Bisignani also noted that, "Only globally harmonized systems and standards can facilitate the smooth flow of passengers through security and border control formalities." But with CAPPS-II plans not yet having even been presented to industry standards bodies like the IATA Reservations Committee Working Group (RESCOM) responsible for the ATA/IATA AIRIMP protocol for transmitteing reservation data between systems, that doesn't seem likely to happen. That lack of coordination or consultation with industry will likely contribute to both higher costs and stronger industry opposition to schemes like CAPPS-II that depend on cooperation with, and implementation by, the air transport industry.

Link | Posted by Edward on Friday, 28 November 2003, 08:05 ( 8:05 AM) | TrackBack (0)
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After spending almost $10,000 on plane tickets to Austalia for our family vacation, Quantas refused to give a single frequent flier mile to our American Airline accounts (they are one-world alliance partners).

However, after the travel is completed, Quantas instructs American Airlines, that the flights does not "qualify for frequent flier milage". No such stipulations were made when we booked the tickets, after confirmation, nor is it printed on our intiniary, tickets, boarding passes,emailed confirmations or receipts.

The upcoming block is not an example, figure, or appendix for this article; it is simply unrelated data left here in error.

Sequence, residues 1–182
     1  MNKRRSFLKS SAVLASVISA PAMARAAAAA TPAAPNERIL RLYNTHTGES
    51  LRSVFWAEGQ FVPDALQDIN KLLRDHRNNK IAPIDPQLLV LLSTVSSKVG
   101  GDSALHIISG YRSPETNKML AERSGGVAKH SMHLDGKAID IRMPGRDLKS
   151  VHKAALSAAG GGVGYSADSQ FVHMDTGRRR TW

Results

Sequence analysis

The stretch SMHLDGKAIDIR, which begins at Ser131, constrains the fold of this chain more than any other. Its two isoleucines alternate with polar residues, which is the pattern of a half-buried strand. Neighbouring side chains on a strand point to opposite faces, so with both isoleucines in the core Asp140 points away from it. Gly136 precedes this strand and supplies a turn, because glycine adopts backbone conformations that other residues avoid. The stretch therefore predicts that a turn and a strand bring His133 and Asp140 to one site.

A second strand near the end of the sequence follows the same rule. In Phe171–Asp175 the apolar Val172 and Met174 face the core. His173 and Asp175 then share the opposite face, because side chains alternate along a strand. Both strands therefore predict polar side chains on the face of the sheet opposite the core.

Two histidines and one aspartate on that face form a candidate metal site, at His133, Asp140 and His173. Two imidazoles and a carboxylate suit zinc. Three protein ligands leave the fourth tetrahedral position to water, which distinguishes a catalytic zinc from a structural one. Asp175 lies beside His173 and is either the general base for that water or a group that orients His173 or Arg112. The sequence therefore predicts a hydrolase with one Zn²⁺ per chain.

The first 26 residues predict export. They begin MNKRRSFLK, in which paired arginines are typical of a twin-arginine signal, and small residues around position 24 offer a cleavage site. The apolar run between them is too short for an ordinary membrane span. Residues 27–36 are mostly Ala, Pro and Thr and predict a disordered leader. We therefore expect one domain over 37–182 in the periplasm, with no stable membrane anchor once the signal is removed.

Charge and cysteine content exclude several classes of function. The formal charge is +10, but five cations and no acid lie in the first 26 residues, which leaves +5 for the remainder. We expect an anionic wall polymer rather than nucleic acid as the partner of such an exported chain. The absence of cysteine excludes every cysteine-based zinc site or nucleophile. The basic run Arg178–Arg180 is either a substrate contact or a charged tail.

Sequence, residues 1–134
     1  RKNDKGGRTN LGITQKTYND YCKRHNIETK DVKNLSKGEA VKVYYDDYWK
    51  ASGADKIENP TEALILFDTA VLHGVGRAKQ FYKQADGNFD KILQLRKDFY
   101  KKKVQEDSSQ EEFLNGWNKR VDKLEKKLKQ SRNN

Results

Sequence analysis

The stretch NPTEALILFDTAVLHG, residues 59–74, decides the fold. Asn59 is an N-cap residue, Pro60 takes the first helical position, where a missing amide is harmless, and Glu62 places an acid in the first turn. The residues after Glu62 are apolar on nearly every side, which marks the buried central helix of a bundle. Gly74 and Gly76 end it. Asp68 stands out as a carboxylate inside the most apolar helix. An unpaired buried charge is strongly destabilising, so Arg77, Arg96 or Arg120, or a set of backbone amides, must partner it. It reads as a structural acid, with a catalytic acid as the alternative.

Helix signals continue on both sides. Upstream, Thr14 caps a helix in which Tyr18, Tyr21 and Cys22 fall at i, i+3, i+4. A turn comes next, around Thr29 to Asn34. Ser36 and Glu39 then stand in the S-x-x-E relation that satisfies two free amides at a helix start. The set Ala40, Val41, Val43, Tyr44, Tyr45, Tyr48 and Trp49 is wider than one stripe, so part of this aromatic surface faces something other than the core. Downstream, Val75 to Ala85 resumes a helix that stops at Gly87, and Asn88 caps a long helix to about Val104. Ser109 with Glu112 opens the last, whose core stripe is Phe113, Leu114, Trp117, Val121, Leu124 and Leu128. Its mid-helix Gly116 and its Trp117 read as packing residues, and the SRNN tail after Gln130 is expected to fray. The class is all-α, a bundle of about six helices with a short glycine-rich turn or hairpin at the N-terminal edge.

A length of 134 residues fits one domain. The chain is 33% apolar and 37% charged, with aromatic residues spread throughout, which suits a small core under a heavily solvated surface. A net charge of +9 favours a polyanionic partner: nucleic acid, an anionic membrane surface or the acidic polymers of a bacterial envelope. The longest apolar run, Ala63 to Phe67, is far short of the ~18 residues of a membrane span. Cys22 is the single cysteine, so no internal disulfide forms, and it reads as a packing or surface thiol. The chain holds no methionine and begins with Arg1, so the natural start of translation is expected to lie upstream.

Only after travel is completed and paid for do they refuse credits. Quantas, also does not respond to emails nor direct contacts.

DETAILS:
We bought the tickets (5 of them) on Qantas web site (not American Airlines) and paid Qantas. The ariline never told us that miles was not awarded during the search, booking process nor the payment process. When we added our frequent flier miles numbers nothing was told, when the flight was rebooked by the airline, nor when we flew, they never provided any information in any confirmation, ticket, boarding pass or receipt.